Electrocardiogram (ECG)

Electrocardiogram (ECG)

The electrocardiogram is commonly used to detect abnormal heart rhythms and to investigate the cause of chest pains

What is an electrocardiogram?

An electrocardiogram (ECG) records the electrical activity of the heart. The heart produces tiny electrical impulses which spread through the heart muscle to make the heart contract. An ECG is performed to help find the cause of symptoms such as palpitations or chest pain. Sometimes it is done as part of routine tests – for example, before you have an operation. The ECG test is painless and harmless.

How is it done?

Small metal electrodes are stuck on to your arms, legs and chest. Wires from the electrodes are connected to the ECG machine. The machine detects and amplifies the electrical impulses that occur at each heartbeat and records them on to a paper or computer. A few heartbeats are recorded from different sets of electrodes. The test takes about five minutes to do.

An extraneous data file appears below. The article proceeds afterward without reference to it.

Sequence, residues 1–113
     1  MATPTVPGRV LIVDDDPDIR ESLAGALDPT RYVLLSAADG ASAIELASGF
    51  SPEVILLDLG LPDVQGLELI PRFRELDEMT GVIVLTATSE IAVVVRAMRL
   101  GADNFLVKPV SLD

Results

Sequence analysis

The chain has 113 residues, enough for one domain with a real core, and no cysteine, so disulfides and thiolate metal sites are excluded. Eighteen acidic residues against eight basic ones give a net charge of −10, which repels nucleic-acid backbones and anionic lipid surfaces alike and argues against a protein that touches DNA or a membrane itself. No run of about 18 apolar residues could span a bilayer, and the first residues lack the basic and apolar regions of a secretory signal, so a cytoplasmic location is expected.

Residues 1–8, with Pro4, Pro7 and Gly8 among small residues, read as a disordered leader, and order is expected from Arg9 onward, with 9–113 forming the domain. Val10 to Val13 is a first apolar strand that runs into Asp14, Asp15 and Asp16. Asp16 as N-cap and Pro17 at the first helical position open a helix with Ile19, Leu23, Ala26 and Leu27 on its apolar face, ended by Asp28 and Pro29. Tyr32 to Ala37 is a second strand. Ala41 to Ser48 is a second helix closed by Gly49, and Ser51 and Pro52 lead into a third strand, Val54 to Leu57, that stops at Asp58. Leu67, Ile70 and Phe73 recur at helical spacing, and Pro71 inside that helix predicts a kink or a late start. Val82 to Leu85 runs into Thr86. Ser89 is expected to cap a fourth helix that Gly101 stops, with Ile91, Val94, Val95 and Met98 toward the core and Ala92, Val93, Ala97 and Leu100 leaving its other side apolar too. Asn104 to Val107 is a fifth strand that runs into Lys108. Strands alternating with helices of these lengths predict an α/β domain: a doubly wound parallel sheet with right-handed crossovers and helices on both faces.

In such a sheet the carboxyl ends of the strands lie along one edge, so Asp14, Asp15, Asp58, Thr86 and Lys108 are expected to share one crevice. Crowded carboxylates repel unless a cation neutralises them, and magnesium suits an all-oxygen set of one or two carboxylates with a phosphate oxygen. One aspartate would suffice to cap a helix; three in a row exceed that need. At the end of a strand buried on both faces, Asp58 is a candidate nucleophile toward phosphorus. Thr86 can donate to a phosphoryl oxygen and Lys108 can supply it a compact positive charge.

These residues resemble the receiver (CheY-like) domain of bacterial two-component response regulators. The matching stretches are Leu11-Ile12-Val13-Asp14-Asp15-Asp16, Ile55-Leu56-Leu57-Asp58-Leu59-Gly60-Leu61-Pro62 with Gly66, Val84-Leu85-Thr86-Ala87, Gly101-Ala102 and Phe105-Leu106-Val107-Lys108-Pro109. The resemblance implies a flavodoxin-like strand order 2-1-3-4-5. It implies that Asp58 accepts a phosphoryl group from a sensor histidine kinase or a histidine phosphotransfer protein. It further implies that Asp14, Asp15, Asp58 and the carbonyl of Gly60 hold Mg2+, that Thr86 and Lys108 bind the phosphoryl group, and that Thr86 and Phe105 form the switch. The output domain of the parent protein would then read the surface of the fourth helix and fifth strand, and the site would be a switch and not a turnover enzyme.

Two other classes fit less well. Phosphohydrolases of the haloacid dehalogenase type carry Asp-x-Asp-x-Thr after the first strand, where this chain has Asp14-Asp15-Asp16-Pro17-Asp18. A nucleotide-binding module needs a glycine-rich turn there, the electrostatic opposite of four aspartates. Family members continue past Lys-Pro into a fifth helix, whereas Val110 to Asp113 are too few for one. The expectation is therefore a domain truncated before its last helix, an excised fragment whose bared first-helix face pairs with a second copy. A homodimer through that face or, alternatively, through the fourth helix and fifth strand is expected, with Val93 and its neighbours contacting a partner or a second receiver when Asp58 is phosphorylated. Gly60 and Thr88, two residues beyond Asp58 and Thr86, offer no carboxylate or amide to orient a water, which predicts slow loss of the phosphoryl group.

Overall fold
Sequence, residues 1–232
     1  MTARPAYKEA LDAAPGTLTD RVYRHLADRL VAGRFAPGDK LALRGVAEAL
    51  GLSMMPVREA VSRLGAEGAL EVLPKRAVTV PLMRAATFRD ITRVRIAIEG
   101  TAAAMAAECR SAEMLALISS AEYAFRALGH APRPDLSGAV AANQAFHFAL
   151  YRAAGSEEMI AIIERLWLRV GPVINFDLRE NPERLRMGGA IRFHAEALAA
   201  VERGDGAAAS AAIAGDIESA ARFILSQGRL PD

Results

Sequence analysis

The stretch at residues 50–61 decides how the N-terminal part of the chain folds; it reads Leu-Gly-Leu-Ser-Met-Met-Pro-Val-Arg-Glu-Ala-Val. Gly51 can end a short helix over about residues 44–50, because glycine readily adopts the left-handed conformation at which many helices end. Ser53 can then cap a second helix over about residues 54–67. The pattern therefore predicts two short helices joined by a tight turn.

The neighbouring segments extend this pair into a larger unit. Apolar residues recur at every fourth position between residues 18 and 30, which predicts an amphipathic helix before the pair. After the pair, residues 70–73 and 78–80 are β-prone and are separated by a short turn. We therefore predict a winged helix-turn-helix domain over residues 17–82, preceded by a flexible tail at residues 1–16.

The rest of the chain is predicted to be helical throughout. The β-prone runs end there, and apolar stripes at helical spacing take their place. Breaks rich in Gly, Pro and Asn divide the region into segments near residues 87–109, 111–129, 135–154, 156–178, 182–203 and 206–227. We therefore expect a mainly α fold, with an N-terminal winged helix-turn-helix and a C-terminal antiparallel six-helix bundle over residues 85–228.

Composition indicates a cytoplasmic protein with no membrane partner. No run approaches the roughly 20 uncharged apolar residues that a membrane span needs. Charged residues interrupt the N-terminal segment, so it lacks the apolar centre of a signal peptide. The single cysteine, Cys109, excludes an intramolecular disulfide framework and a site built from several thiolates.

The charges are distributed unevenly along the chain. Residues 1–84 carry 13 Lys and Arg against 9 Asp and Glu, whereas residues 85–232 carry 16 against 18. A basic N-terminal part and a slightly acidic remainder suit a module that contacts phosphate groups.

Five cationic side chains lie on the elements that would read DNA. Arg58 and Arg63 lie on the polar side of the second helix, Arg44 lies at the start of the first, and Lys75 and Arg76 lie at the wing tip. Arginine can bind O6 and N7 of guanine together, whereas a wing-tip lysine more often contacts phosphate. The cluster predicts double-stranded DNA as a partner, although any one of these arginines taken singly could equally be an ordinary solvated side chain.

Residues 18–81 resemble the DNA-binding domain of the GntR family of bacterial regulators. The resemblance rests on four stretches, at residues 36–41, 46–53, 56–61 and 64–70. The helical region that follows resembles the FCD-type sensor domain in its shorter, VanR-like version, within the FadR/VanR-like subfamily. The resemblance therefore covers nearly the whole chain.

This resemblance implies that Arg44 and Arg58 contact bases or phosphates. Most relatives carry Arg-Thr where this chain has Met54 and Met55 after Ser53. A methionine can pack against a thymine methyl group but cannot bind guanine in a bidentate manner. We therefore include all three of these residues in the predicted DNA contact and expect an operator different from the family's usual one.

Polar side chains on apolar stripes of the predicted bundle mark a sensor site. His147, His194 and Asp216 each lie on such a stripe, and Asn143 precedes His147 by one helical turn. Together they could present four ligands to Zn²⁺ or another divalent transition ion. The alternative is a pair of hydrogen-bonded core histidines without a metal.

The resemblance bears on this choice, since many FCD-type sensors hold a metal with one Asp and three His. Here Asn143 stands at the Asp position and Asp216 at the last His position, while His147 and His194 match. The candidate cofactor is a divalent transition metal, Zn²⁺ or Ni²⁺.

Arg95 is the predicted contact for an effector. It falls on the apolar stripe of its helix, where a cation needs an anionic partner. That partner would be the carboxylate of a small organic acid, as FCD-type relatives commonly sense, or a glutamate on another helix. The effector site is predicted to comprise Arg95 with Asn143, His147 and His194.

What does an electrocardiogram show?

Various heart disorders produce abnormal ECG patterns. The heart disorders that can be detected include:

  • Abnormal heart rhythms – Fast, slow, or irregular.
  • A previous heart attack
  • Heart muscle thickening and enlargement.

Limitations of the electrocardiogram

An ECG is a simple and valuable test. Sometimes it can definitely diagnose a heart problem. However, a normal ECG does not rule out serious heart disease particularly if the symptoms are intermittent and not present during the test. In this instances a longer period of ECG recording my be helpful. In addition, not all heart attacks nor angina can be reliably detected by ECG.